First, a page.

January 18, 2002
James R Nobles, Legislative Auditor First Floor South, Centennial Building
658 Cedar Street St. Paul, MN 55155
Dear Mr. Nobles:
Thank you for the opportunity to discuss with your staff the results of the statewide financial audit of selected programs of the Department of Administration for the year ended June 30, 2001. We appreciate your efforts to bring areas needing improvements to our attention. We are committed to implementing the recommendations you suggested in your report.
Thank you also for the opportunity to respond to each finding and recommendation contained in the report. Summarized below are our plans to ensure the continued integrity of financial data and compliance with pertinent laws.
1. Audit Finding: The department did not consistently allocate certain InterTechnologies Group costs to the correct fiscal year.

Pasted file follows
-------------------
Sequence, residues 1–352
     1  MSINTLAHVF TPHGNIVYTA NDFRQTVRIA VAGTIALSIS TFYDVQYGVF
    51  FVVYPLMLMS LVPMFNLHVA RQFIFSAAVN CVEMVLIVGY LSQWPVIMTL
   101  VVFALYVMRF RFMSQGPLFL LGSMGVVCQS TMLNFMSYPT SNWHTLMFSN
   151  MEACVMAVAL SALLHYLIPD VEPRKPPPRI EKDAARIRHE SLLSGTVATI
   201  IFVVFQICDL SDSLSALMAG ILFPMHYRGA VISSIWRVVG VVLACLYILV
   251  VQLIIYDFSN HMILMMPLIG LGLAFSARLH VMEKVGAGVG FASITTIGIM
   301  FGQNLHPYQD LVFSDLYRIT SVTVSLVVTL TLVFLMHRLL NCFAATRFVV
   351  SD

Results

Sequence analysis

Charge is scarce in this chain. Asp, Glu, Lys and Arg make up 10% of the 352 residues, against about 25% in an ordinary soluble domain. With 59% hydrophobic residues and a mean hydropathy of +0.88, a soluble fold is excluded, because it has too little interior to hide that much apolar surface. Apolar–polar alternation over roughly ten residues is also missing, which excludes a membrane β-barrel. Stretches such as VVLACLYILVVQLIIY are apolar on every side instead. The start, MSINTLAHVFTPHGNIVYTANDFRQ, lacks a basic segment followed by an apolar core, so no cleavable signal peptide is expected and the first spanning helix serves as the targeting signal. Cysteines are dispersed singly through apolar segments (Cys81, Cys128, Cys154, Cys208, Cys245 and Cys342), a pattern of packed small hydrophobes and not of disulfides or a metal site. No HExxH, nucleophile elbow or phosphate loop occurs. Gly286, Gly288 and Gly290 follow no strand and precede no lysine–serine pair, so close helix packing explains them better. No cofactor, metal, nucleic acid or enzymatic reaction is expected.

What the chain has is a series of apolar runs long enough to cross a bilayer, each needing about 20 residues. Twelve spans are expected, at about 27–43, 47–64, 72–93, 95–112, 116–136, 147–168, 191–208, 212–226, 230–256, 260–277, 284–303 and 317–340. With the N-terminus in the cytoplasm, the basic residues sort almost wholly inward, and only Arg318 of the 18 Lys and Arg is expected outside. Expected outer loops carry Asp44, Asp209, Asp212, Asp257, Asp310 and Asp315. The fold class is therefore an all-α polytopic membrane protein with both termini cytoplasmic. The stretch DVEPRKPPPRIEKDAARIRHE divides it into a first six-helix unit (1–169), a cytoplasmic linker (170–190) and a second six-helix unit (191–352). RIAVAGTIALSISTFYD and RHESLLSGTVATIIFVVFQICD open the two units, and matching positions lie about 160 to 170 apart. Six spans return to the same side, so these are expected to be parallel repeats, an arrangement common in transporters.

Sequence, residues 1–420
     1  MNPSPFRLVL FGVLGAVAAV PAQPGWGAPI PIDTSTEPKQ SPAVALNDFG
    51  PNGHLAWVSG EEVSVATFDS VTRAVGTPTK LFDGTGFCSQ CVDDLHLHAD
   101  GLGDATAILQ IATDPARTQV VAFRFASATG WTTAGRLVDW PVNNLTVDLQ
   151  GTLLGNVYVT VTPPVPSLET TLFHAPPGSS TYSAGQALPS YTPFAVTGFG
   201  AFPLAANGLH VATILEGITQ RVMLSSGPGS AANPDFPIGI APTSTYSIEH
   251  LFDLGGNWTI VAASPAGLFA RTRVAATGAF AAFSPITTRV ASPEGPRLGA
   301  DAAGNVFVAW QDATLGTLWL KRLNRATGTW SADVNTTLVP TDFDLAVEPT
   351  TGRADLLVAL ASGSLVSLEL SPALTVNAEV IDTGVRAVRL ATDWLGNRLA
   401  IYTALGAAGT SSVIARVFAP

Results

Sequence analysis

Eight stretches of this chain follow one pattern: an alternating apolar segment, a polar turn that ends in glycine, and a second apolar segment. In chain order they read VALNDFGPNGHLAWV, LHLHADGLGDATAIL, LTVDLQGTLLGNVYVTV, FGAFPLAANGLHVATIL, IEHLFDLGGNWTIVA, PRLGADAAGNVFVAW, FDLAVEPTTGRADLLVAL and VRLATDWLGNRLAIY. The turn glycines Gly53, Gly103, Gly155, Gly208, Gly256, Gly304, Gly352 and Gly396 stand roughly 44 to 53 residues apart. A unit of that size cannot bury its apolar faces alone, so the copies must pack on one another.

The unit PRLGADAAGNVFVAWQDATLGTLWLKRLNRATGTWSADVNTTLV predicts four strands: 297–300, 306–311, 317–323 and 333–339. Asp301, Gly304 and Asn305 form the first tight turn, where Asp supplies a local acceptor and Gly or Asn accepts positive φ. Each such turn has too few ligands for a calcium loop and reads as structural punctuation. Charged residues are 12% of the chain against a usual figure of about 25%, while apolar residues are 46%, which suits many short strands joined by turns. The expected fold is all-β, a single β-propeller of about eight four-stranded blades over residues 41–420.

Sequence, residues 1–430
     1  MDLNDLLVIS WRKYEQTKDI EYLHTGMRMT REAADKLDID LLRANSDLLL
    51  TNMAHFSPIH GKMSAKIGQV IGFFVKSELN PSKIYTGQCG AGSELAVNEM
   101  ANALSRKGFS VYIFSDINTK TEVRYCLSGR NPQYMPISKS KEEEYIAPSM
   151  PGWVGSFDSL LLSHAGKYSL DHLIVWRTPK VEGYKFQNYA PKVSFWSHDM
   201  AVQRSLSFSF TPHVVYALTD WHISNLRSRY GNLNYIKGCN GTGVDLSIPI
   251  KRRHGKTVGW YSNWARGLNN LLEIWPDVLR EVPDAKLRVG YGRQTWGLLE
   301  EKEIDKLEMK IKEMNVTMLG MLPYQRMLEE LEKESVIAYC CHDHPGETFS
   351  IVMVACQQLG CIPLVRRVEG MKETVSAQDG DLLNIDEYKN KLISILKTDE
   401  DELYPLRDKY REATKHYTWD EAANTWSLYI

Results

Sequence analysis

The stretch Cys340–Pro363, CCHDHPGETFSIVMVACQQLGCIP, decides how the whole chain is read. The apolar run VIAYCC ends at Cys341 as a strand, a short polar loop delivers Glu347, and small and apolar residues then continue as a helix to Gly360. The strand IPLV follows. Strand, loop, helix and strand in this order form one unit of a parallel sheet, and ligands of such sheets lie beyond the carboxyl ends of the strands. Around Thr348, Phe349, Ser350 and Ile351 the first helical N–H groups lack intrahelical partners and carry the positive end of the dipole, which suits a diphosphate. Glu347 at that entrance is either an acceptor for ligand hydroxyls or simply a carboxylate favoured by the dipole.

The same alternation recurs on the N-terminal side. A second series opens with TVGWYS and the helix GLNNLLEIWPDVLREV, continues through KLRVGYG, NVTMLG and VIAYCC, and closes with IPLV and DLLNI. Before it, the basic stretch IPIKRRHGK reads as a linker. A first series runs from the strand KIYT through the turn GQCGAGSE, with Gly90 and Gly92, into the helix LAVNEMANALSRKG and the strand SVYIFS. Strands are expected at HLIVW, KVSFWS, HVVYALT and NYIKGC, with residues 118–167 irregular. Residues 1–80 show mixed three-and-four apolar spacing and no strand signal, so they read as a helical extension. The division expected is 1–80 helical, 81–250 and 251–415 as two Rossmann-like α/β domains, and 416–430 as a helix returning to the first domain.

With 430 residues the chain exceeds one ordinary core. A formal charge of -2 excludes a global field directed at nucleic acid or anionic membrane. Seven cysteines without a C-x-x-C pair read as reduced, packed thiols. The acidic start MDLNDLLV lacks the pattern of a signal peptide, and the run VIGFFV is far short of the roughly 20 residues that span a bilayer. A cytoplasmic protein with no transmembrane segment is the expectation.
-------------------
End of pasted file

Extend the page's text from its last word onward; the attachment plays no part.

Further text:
InterTechnologies Group (ITG) will implement procedures to ensure costs are allocated to the correct fiscal year for financial reporting purposes. Specifically, ITG will (1) take the appropriate measures to improve internal tracking processes for expenses that cross fiscal year, (2) develop a checklist to ensure expenses are reported in the correct fiscal year including the utilization of the Department of Finance year-end close instructions in coding the correct liability date, (3) communicate the manually tracked long distance phone expense and prepaid software expenditure amounts to Financial Management and Reporting (FMR) for the reporting period, (4) work with ITG managers to convert the contract termination dates on software contracts that are material to coincide with a fiscal year end date when possible, (5) develop a procedure to ensure the proper reporting of all fixed assets received by the end of the fiscal year, (6) request a new Minnesota Accounting and Procurement System (MAPS) expenditure object code from the Department of Finance to assist in the identification of multiyear contracts, and (7) work with FMR to develop a process for review of ITG financial information used in preparation of the financial statements. The projected implementation date is May 15, 2002.